He said: “The arms issue is not proposed. It is not open to discussion at this stage,” adding: “When our ambitions are met, in agreement with the resistance, over Shebaa Farms, then we will talk about arms.”
The meeting with Hizbullah, the latest in a series of talks between the two sides, underlines the shift in the resistance group’s stance toward a closer relationship with those opposed to Lebanon’s pro-Syrian government.
The Israeli-occupied Shebaa Farms is a disputed strip of land on the border between Lebanon, Israel and Syria’s Israelioccupied Golan Heights.
UN Resolution 1559, which calls for a Syrian withdrawal from Lebanon and is widely backed by Lebanon’s political opposition, also calls for the disarming of Hizbullah.
Jumblatt’s comments follow those of Lebanese President Emile Lahoud, who insisted he would welcome an international probe into Hariri’s assassination.
In a statement from the Presidential Palace in Baabda, Lahoud stressed his commitment “to do whatever it takes to reveal the circumstances surrounding Hariri’s murder, in cooperation with the United Nations by whatever method it adopts.”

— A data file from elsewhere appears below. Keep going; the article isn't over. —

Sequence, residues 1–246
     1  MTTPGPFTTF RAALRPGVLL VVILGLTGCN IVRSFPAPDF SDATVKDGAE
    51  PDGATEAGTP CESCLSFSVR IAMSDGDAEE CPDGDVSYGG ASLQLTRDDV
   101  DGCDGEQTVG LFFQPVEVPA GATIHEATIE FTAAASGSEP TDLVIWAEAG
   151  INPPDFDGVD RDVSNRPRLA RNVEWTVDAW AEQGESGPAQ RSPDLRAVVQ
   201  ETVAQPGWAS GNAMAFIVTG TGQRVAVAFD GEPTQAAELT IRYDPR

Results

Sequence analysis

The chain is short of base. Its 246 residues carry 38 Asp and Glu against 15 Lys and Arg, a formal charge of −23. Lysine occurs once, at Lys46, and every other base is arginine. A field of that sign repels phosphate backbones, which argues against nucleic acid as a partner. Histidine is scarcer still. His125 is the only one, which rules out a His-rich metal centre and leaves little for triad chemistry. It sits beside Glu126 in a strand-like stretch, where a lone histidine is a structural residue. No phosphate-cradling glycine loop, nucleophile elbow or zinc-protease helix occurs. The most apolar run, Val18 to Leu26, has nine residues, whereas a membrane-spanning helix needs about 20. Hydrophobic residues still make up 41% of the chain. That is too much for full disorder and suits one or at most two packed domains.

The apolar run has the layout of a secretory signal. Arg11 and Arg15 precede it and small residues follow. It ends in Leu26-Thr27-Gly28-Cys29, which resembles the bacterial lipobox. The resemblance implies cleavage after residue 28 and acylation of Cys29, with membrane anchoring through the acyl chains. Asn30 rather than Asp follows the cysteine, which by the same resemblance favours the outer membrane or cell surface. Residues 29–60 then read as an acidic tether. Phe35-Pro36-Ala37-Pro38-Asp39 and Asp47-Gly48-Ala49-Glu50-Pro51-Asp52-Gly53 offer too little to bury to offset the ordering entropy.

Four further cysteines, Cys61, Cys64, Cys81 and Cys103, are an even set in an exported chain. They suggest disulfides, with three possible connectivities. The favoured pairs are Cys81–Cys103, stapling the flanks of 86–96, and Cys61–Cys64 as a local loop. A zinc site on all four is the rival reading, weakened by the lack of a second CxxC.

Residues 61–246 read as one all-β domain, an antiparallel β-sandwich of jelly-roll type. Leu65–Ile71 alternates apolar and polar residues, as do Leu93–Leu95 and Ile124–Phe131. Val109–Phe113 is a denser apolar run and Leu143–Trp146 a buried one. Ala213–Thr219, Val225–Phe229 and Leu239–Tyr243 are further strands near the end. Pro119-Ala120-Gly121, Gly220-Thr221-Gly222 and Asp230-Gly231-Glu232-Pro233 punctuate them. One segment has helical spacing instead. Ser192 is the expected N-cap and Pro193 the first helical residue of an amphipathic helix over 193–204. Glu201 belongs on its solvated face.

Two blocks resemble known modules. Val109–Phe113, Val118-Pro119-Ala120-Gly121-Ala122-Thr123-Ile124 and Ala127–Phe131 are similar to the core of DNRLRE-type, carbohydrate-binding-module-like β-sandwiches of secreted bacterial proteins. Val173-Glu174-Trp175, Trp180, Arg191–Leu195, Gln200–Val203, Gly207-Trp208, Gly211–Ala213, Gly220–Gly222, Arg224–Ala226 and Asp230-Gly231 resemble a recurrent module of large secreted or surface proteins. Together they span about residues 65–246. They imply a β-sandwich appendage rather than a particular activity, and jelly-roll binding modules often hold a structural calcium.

Lebanon’s government has until now been firmly opposed to any outside probe into Hariri’s murder, insisting any moves to establish an international probe amounted to a “breach of Lebanon’s sovereignty.”
Lahoud’s comments on Easter Sunday echoed an earlier statement from the outgoing Foreign Minister Mahmoud Hammoud, who said he supported an international probe if the Security Council wanted to establish one during a meeting with the ambassadors of the five permanent UN Security Council members of the in Lebanon.
Lahoud pledged full cooperation with the UN after meeting with Maronite Patriarch Nasrallah Butros Sfeir.